Hierarchical keywords: Birds/Australian/Australian Magpie
IPTC: Birds, Birds | Australian, Australian, Birds | Australian Magpie

That’s already 60 bytes
...Show more

Thanks to both of you.

@melcat - I really appreciate you outlining your workflow for me. While I think you're correct that some (much) of this doesn't necessarily apply to me, I did get some ideas, and your information about tagging is really helpful.

Just to make sure I understand about tagging - if I use the hierarchical way of tagging within Lightroom, it is not the most compatible going forward outside of lightroom, correct? Or at the least, I will lost the hierarchy? I *think* tagging is the right way to go for me, along with smart collections to assemble those photos into different easily-viewable buckets.

@schlotz - as it turns out, I did a half assed job of doing tagging back several years ago and abandoned it. I think it's the right way for me to handle this. I need to get more proactive about my library if I want it to be useable for retrieval, and this seems like the right way.




Dec 11, 2022 at 12:41 PM
Camperjim
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p.1 #8 · p.1 #8 · How do you organize your photos?


I can tell you what works for me. Perhaps my simple system would not meet your needs.

I do not shoot daily except when traveling. When I do shoot, first and foremost is to avoid lots of poor photos and the need for extensive culling. I try to shoot only when it is likely that I will have something worth printing. I do often work a scene with multiple shots so I still end up with plenty to cull and plenty that are not very good.

When I download, I automatically download by date with the date as part of the file name. Next I cull aggressively. I try to process keepers by the next day or within a few days. That can vary a lot from maybe zero (in which case why keep the file at all?) to as many as 6-12. I am not a digital artist so I typically do not spend a lot of time with processing. Even for a photo where some extensive editing might be necessary, I at least do a quick preliminary. The edits are saved as tiffs with "fix" added to the file designation. I keep a copy in the original date file and another copy in my "fix" file for the year. My annual fix file might be as high as 800-1000 if I have traveled a lot. Most years the file size is less than half that amount. In addition to the time I spent processing, I will have looked at those processed images many times throughout the year. They are like old friends and I have no trouble remembering and finding them.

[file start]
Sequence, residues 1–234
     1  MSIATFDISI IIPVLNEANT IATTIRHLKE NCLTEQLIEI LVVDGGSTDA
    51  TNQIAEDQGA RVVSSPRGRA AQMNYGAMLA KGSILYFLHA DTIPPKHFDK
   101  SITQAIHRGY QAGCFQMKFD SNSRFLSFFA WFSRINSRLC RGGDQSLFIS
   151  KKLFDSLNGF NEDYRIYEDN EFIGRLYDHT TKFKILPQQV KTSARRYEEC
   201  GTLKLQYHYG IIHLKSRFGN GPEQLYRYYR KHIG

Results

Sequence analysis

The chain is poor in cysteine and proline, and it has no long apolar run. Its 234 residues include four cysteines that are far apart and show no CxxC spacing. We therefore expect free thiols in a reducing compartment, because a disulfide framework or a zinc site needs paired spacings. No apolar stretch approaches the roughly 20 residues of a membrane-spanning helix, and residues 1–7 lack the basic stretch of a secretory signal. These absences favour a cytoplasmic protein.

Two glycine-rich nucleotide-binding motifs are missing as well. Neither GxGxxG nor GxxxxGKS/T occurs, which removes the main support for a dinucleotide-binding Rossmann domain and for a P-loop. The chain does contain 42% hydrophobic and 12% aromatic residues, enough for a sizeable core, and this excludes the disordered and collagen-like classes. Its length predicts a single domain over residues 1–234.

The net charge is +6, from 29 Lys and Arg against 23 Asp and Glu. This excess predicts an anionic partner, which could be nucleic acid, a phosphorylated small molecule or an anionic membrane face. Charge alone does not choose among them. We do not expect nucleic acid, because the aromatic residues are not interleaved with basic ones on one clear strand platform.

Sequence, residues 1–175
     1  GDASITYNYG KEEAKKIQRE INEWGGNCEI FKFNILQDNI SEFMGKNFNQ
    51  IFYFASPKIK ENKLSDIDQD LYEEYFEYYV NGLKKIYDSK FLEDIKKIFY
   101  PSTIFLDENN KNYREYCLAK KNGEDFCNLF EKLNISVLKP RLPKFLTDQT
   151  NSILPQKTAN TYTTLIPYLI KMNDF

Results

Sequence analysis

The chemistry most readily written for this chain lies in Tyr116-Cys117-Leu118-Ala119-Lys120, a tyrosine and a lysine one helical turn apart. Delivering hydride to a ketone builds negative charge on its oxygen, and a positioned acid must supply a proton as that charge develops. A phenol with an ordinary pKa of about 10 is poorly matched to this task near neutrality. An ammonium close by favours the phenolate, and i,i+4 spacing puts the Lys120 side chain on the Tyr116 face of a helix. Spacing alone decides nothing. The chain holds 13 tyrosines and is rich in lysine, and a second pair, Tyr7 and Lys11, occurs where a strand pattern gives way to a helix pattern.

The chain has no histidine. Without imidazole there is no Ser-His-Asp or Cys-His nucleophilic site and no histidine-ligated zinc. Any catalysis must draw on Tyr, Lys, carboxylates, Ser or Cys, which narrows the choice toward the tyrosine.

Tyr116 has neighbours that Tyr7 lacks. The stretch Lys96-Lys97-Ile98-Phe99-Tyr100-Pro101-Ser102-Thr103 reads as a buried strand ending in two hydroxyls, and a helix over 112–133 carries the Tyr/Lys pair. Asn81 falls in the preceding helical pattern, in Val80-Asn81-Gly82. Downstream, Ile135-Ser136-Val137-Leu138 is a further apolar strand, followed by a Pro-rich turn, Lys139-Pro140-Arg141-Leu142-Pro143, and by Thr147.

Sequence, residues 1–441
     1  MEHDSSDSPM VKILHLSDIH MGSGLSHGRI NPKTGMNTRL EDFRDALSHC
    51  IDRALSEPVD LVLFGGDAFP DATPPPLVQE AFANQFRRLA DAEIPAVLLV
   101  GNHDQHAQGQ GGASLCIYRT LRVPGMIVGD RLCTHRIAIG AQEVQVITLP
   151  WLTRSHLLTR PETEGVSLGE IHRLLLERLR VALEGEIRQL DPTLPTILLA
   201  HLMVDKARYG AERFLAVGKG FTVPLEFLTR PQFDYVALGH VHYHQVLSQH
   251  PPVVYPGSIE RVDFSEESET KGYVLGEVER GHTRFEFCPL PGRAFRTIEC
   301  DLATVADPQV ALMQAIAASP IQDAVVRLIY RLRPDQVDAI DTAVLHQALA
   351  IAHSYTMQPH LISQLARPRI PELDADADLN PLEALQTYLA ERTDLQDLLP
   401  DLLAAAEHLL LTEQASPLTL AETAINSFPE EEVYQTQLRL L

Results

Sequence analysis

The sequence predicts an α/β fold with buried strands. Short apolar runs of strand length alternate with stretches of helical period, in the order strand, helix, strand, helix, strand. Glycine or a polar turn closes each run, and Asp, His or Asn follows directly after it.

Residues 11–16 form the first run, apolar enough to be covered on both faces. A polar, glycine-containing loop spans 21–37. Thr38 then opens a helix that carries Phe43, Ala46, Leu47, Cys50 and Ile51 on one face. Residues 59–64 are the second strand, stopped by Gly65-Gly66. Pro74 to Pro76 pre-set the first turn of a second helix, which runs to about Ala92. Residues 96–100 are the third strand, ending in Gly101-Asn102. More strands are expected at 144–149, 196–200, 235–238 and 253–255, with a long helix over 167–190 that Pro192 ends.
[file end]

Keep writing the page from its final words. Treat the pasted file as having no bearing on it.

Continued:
You will notice, I did not mention Lightroom. I don't use it.



Dec 11, 2022 at 05:00 PM
melcat
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p.1 #9 · p.1 #9 · How do you organize your photos?


weezintrumpete wrote:
Just to make sure I understand about tagging - if I use the hierarchical way of tagging within Lightroom, it is not the most compatible going forward outside of lightroom, correct?


This question is best answered by someone who’s tried to move tagged images out of Lightroom to something else recently, which isn’t me.

It does appear from my online research that many or most programs read and write Adobe’s lr:Hierarchical tag in the XMP metadata. Capture One claims to export to it in their documentation. It also appears that the Lightroom "Synonym" and "Do Not Export" features aren’t understood by anything else, so should be avoided.

This post talks about problems with Photo Mechanic not handling it properly, and gives a technical rundown of how it should look like in the XMP.




Dec 11, 2022 at 06:12 PM
dordek
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p.1 #10 · p.1 #10 · How do you organize your photos?


I've got 50+ years of photos in my LR catalog. I used to have several LR catalogs, but having just one makes overall searching much easier and thorough. Luckily I started with keywords fairly early on and it makes all the difference in the world for tracking down a particular picture or all the shots of, say, a particular person.

Lately I have discovered that the use of collections (not necessarily "smart" ones) has been something that complements key-wording very well. They make very nice "buckets" for things like all shots taken on a particular trip, and a bucket within that bucket might be the best 100 shots of that trip and another bucket within it might be the best 25 shots of that trip (or a bucket within the "100" bucket). But some things I might not have identified with a specific enough keyword might be found within a collection "bucket" I've made that is narrower than the keyword involved. A collection you've made of something like a trip might be easier to remember than all the keywords involved in that trip. Being able to make a hierarchical structure of your collections (buckets) is also very useful.